Oh boy, I love seeing words like these! Even though this post will focus on the AAD instruction, this applies to the below two instructions:
I particularly love this one; because we get to see an illustration of abstractions being misleading on a few levels (assembly being too abstract, and even a mathematical formula being used too abstractly). I’m about to get all kinds of philosophical up in here!
When approaching a tool or a system, normal people only look at what it is supposed to do; what it is intended for (and that’s even assuming too much for a normal person sometimes). As a hacker, we aspire to look at a system for what it actually does. Sometimes we have to hack around just to discover this. But sometimes it isn’t even hidden; it can be well documented. Even so, normal people only care about the useful abstractions, and still ignore what systems actually do.
Assembly Abstraction: AAD = ASCII Adjust AX Before Division
This instruction is intended to take two 8-bit BCD values and convert them to one 8-bit ‘binary’ value. For those that don’t know, BCD stands for Binary Coded Decimal. It’s a way of representing (only) decimal values in a binary/hex encoding. To represent the decimal number of 79 in hex, it would look like 0x4f (just 1 byte). In BCD, it could look like 0x79. In BCD, we ignore the A-F values of hex, even though we are still using standard 4-bit nibbles and 8-bit bytes. This means we are wasting data space. Even worse, AAD takes an 8-bit value for each digit, so 79 would actually be 0x0709.
For AAD, the first byte (07 in this case) is in AH, and the next byte is in AL (09). After using the AAD instruction, the result is put into AL. The instruction mentions AX because AX is AH:AL (Accumulator High, Accumulator Low). So if AH had 0x07, and AL had 0x09, and we then ran AAD, AL would then have 0x4f (decimal 79). That’s what this instruction is supposed to do.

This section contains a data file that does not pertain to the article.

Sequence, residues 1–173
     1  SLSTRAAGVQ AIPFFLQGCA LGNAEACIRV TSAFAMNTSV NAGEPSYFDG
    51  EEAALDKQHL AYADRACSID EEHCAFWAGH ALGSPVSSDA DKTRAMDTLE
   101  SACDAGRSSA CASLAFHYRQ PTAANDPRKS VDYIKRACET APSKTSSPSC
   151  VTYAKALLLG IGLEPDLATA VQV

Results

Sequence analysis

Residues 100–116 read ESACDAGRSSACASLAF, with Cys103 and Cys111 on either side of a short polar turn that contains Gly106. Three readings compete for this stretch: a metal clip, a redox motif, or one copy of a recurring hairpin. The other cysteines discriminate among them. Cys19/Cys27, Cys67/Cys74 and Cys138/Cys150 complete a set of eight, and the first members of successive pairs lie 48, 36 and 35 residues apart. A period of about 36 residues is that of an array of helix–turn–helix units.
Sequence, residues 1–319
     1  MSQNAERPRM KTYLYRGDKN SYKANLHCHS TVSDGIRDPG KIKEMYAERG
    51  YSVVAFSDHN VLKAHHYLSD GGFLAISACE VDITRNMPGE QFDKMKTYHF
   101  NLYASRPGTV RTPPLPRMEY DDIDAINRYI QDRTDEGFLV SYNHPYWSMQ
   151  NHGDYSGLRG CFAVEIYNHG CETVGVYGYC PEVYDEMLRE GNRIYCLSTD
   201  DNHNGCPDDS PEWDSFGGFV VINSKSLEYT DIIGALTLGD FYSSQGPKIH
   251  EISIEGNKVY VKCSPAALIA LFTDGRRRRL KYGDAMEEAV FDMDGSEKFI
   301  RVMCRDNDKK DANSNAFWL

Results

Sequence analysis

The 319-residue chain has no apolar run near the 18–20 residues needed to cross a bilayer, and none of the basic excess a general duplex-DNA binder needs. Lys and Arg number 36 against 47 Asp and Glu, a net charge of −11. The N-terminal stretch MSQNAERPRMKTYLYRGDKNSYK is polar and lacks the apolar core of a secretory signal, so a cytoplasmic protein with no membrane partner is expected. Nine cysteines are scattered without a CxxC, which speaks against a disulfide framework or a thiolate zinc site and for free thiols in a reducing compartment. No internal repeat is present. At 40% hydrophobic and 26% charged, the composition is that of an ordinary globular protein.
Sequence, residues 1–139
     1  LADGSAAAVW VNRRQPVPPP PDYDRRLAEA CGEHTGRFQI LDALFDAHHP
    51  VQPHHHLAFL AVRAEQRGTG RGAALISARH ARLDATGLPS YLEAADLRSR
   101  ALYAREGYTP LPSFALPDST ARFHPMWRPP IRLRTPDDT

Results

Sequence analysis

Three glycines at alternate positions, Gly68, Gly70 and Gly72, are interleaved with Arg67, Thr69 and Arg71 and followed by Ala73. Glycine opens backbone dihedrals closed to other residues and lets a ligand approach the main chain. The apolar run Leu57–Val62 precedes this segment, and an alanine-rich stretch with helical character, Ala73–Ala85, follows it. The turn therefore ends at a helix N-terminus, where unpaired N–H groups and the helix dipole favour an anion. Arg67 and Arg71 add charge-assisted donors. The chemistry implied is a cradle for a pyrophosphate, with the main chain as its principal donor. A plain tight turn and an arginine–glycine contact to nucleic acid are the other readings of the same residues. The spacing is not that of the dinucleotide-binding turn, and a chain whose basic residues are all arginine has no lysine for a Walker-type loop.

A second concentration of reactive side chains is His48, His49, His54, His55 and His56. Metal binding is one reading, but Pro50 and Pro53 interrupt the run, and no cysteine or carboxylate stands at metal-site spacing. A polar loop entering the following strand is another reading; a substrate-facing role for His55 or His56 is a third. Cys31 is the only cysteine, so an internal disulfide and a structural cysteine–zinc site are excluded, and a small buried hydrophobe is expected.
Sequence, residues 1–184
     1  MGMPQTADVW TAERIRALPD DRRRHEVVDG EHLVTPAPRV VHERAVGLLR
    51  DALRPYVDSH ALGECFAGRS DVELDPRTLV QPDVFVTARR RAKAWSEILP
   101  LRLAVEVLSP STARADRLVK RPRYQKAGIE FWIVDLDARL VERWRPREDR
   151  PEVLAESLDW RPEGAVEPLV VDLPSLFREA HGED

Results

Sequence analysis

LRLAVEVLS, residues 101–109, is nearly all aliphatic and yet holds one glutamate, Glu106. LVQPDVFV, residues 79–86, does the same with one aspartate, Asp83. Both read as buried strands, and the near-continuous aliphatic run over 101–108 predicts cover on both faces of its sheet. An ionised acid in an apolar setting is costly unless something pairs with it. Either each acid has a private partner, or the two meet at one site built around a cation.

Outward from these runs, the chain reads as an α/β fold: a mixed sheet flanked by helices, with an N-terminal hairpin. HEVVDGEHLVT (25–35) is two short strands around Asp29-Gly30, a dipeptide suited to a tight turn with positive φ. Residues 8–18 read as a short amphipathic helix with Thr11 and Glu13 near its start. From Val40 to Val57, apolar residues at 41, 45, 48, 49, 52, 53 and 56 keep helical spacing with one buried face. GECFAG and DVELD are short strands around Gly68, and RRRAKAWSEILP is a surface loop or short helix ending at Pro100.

Let’s look at the machine code for AAD (right next to the assembly that created it):
D5 is the actual machine-code for AAD. 0A is put there by our assembler for us, it is used for base 10 (notice we didn’t say ‘aad 10’ in our source file). We can’t change this value in assembly. As the Intel Manual states, this can only be done in machine code. Let’s do a base 2 conversion. AH will be 01, and so will AL. So if AX is 0x0101, AAD (2) should yield 0x03 in AL. This is because 11 in binary is 3 in decimal.
As you can see, AL (seen in EAX register) has the value that we expected.
So by unlocking this ‘base’ byte, we can convert from arbitrary bases, as Intel states. But we are not at the bottom of this abstraction stack yet. Converting from any base is what it is supposed to be used for at this level…again, what does it actually do.
So really: AL = AL + (AH * base)
Where you provide the 1 byte base.
This formula absolutely does what it is supposed to do. So we are done, we slap the “dutifully converts from base” label on this formula and that is what it is. Abstractions make life so easy on our stupid brains. But converting bases isn’t really what it does. It can do that, but what it really does is AL = AL + (AH * base). Just so you don’t think I’m splitting hairs like usual. Consider that the 1 byte base value can be any value from 0x00-0xff. So what does it mean to convert 0x0709 from base 1, or base 0 (just so you know: not a thing)? Even base 2 doesn’t make sense here, because 7 and 9 are not valid binary characters. This doesn’t mean we still can’t AL = 9 (7 * 2) and get a value anyway (0x17).